["Hero's Horse Monument" by Kevin Box, Robert J. Lang, Gregory P. Luth Engineering, Damon Chefchis of CMY Fabrication]
A COLLABORATIVE APPROACH “Sometimes I’ll have an idea that’s far too complicated for me to learn how to fold. Remember, I just learned about origami like, 15 years ago. I’d heard about this guy, Robert J. Lang [featured in the movie Between the Folds], who’s a doctor of physics from CalTech and a mathematician, but he’s also a master origami folder. So I called him up and asked if he’d be interested in a collaboration. He said yes, and so now I collaborate with the world’s most famous origami artist.
I’ll have an idea, and Robert will often have a base model in his archive that we begin with—a basic square folded into all the different points that you need to make a particular animal. Sometimes he’ll fold it more, and sometimes I fold it more, but we work together in finishing and manipulating the piece into its final form. That’s where the essence of the animal is going to either come alive or it’s just going to look like a cold steel thing.”
["Light Boat" by Kevin Box]
ABOUT LIGHT BOAT I grew up with boats. My grandpa had so many boats that he stopped naming them and started lettering them. I bought the ‘G’ boat from him for $2; it’s a little ski boat he bought to take my brother and me skiing when we were kids. In 2006, I moved to New Mexico and I tried to look up all the lakes where I could take the boat, but there are no lakes. So I sold the boat and it was like this sort of giant sucking sound. I was like a fish out of water.
Somebody had given me a paper boat and it sat on my desk for five years. I thought it was such a great archetype, and I thought, ‘How do I make it my own?’ It sat around for years until I moved to New Mexico. And within a year, I ended up building ‘Light Boat,’ my version of the boat. It’s sort of like a desert boat. It’s a sailboat on these giant stilts or oars, but it’s suspended in the air. There’s no water anywhere near it. Sure, it certainly has seen water, but it’s waiting. It’s ready for adventure and it certainly has seen adventure, but it’s in a pause kind of period.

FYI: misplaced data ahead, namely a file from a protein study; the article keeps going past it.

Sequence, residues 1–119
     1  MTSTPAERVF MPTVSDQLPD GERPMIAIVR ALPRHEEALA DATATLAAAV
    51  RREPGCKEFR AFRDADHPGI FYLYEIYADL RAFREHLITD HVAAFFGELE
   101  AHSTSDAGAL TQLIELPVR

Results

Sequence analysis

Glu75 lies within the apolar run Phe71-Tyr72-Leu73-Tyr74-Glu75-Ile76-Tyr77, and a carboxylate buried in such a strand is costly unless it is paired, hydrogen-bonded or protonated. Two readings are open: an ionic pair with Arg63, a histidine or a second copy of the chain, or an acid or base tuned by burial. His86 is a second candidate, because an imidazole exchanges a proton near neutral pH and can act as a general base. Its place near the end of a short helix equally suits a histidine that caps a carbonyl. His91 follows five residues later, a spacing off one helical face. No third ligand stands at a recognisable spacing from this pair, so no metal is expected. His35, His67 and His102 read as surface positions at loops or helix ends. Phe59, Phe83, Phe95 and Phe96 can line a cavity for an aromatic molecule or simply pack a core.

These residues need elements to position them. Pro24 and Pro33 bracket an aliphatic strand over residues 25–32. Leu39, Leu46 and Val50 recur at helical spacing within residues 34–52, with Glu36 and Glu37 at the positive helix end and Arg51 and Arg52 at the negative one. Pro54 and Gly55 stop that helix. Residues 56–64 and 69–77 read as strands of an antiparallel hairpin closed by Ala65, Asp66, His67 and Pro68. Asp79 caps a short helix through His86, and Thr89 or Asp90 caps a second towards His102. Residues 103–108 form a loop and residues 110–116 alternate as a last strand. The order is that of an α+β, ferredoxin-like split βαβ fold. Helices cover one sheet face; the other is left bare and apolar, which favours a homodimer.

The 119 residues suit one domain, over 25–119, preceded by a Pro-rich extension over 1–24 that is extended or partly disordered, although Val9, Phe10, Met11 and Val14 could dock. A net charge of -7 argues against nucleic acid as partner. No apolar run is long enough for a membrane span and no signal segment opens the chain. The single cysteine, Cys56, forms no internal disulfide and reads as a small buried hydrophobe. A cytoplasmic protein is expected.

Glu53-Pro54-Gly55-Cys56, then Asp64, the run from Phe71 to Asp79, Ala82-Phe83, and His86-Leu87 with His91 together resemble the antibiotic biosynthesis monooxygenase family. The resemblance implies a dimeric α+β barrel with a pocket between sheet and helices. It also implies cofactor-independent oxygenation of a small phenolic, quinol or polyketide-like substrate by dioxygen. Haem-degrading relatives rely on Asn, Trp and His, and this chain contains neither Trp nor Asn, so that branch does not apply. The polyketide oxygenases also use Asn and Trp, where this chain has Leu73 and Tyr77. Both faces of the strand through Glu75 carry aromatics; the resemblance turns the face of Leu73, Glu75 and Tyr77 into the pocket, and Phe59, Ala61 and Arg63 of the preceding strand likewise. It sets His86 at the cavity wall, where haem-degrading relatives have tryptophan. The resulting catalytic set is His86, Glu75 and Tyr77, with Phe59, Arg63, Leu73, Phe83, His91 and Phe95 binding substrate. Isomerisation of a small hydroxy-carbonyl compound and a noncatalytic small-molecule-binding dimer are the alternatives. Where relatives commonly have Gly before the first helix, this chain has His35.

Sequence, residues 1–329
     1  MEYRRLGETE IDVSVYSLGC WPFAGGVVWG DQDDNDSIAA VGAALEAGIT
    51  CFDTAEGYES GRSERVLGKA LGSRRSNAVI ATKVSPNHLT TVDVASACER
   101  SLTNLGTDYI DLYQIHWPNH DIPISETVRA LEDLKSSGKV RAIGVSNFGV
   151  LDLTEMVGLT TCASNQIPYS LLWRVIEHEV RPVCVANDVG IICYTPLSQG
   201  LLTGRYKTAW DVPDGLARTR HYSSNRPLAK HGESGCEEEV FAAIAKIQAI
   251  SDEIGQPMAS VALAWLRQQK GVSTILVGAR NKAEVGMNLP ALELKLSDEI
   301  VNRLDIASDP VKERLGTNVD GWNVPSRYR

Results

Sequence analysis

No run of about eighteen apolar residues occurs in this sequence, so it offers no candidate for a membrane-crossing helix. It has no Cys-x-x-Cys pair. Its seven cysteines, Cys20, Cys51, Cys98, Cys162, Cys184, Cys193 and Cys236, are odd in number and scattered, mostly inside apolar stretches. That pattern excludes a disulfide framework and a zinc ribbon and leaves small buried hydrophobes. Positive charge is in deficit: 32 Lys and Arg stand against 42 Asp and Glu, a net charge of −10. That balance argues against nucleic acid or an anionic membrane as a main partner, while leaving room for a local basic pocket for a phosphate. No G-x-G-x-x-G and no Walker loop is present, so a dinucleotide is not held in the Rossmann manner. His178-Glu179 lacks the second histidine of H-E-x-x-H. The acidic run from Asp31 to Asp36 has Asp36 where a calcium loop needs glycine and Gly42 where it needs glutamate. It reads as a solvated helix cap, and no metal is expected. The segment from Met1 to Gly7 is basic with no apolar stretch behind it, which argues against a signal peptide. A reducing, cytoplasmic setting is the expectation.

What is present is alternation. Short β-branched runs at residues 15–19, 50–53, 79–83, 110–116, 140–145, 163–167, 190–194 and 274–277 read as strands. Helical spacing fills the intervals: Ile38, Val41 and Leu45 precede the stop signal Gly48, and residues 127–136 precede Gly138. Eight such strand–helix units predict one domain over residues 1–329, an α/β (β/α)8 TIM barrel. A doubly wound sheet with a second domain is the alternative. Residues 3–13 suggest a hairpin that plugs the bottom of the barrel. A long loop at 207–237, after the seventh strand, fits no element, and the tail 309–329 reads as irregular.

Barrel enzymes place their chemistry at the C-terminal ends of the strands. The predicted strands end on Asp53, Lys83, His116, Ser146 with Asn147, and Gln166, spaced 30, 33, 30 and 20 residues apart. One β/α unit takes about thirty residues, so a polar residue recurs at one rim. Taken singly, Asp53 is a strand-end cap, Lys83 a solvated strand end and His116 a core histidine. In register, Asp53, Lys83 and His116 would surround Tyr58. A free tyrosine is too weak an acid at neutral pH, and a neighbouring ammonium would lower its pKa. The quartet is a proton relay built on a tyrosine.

THE BIG PICTURE I hope that when people see my work, they want to know more. I’m competing with iPads and iPhones and TVs and all the noise in the world. And what I hope is that amidst all the noise, someone who may come into contact with one of my pieces suddenly finds themselves peacefully paused for a moment; that in the artwork, they can maybe travel down a road of discovery and find something inspiring that ultimately helps them continue on their journey and make better choices.
An artist once told me, ‘Kevin, if your artwork isn’t changing consciousness, then you’re just making decorative crap.’ And I was like, ‘My God, you’re right!’”
WHAT’S NEXT Origami in the Garden, a touring exhibition featuring Box’s compositions and collaborations with other origami artists, on view at public gardens throughout North America. See it at the Turquoise Trail Sculpture Garden in Cerrillos, NM, through October. More at origamiinthegarden.com. You can also view Box’s work at RARE Gallery of Fine Art in Jackson, WY, raregalleryjacksonhole.com.